Number of nodal metastases and the American Joint Committee on cancer staging of head and neck cutaneous squamous cell carcinoma: A multicenter study

Ardalan Ebrahimi, Ruta Gupta, Peter Luk, Tsu Hui (Hubert) Low, Lachlan McDowell, Matthew J.R. Magarey, Paul N. Smith, Diana M. Perriman, Klaus Martin Schulte, Michael Veness, Sandro V. Porceddu, Jonathan R. Clark

Research output: Contribution to journalArticlepeer-review

11 Citations (Scopus)

Abstract

Objectives: We aimed to determine if the number of nodal metastases is an independent predictor of survival in HNcSCC, whether it provides additional prognostic information to the AJCC N and TNM stage and identify optimal cut-points for risk stratification. Materials and methods: Retrospective multi-institutional cohort study of patients with parotid and/or cervical nodal metastases from HNcSCC treated with curative intent by surgery ± adjuvant therapy. The impact of number of nodal metastases on disease-specific and overall survival was assessed using multivariate Cox regression. Optimal cut-points for prognostic discrimination modelled using the AIC, BIC, C-index and PVE. Results: The study cohort included 1128 patients, with 962 (85.3%) males, median age of 72.9 years (range: 18–100 years) and median follow-up 3.4 years. Adjuvant radiotherapy was administered to 946 (83.9%) patients. Based on objective measures of model performance, number of nodal metastases was classified as 1–2 (N = 816), 3–4 (N = 162) and ≥5 (N = 150) nodes. In multivariate analyses, the risk of disease-specific mortality progressively increased with 3–4 nodes (HR, 1.58; 95% CI: 1.03–2.42; p = 0.036) and ≥5 nodes (HR, 2.91; 95% CI: 1.99–4.25; p < 0.001) with similar results for all-cause mortality. This simple categorical variable provided superior prognostic information to the TNM stage. Conclusion: Increasing number of nodal metastases is an independent predictor of mortality in HNcSCC, with categorization as 1–2, 3–4 and ≥5 nodes optimizing risk stratification and providing superior prognostic information to TNM stage. These findings may aid in the development of future staging systems as well as identification of high-risk patients in clinical trials.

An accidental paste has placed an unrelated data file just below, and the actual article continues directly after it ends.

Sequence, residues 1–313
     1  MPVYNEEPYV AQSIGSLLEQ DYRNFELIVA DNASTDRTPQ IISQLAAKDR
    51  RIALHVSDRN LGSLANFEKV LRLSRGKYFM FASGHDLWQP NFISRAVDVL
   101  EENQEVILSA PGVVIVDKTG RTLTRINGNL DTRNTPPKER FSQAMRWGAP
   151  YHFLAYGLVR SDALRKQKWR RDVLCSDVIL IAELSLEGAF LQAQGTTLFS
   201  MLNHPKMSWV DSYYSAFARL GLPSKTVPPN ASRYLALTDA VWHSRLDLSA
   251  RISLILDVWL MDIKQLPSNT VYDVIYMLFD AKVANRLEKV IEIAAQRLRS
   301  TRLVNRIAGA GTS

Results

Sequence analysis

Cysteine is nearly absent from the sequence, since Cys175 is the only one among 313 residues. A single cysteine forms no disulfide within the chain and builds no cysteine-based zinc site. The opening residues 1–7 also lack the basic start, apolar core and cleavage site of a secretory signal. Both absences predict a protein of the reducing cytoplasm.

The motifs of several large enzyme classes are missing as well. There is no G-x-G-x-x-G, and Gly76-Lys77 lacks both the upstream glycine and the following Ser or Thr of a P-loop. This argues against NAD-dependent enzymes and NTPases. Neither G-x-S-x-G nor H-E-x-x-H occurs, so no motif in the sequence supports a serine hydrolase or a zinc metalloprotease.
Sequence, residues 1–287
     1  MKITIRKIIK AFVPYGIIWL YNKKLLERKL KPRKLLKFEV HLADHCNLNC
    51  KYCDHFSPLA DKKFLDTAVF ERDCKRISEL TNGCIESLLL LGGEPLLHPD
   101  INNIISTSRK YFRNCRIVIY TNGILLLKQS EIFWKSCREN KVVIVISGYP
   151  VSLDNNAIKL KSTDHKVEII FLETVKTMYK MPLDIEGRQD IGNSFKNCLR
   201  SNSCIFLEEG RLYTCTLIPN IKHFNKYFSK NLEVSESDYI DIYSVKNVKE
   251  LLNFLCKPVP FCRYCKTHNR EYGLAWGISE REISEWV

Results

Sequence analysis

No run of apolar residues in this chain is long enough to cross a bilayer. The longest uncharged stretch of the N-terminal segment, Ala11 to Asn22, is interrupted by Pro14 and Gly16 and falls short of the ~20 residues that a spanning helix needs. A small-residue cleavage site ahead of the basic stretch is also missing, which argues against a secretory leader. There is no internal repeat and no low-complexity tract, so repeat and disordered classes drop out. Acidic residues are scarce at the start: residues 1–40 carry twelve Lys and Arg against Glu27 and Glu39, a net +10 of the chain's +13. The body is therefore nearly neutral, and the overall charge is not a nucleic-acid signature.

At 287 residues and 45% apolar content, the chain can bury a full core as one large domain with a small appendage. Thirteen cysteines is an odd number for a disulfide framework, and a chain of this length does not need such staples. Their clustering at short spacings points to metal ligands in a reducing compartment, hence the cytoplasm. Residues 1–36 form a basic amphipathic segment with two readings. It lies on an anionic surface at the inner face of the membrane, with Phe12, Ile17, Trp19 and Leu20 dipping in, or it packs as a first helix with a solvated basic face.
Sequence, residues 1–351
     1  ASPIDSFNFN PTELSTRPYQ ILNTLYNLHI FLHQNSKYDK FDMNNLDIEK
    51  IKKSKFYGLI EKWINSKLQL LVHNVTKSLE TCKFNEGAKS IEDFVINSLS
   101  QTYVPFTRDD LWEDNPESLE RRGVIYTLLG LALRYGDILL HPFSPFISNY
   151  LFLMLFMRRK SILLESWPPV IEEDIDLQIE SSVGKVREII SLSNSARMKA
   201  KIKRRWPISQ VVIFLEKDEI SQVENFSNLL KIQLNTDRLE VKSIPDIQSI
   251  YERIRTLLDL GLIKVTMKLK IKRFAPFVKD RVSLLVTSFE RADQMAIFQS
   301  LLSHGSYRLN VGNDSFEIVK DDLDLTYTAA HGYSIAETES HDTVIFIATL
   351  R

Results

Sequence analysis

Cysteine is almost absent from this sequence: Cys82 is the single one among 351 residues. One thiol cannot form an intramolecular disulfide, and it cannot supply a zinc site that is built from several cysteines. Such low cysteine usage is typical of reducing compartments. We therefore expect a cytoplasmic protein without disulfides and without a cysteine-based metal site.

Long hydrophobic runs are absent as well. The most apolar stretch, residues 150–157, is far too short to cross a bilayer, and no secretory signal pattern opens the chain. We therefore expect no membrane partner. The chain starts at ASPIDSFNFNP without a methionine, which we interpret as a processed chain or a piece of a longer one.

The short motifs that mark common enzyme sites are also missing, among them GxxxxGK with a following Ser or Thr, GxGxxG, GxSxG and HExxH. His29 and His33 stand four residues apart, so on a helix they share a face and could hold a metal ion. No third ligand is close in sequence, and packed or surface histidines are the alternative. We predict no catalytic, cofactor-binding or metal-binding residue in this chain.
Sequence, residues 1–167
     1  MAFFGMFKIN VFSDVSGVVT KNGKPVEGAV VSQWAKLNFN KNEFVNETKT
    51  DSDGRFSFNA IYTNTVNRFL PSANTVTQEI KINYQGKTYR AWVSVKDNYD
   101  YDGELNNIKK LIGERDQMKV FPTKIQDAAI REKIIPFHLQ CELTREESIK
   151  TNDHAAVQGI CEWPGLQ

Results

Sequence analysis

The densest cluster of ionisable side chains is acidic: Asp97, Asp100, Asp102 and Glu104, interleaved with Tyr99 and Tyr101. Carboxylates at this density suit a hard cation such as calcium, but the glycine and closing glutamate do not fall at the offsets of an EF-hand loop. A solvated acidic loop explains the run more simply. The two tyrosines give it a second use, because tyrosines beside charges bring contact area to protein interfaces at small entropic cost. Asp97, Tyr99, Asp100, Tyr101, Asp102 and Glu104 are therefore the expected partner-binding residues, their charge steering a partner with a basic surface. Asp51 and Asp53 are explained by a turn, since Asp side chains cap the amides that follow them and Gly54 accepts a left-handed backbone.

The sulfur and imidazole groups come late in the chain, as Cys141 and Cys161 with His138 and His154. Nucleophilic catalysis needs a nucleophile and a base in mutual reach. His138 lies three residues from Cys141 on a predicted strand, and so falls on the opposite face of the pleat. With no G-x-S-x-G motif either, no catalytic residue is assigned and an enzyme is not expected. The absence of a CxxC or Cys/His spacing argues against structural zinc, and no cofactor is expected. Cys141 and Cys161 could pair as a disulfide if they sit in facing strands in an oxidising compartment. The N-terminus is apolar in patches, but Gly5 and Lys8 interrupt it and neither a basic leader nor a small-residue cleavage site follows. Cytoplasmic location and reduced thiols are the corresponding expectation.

Original languageEnglish
Article number104855
Pages (from-to)1-7
Number of pages7
JournalOral Oncology
Volume111
DOIs
Publication statusPublished - Dec 2020
Externally publishedYes

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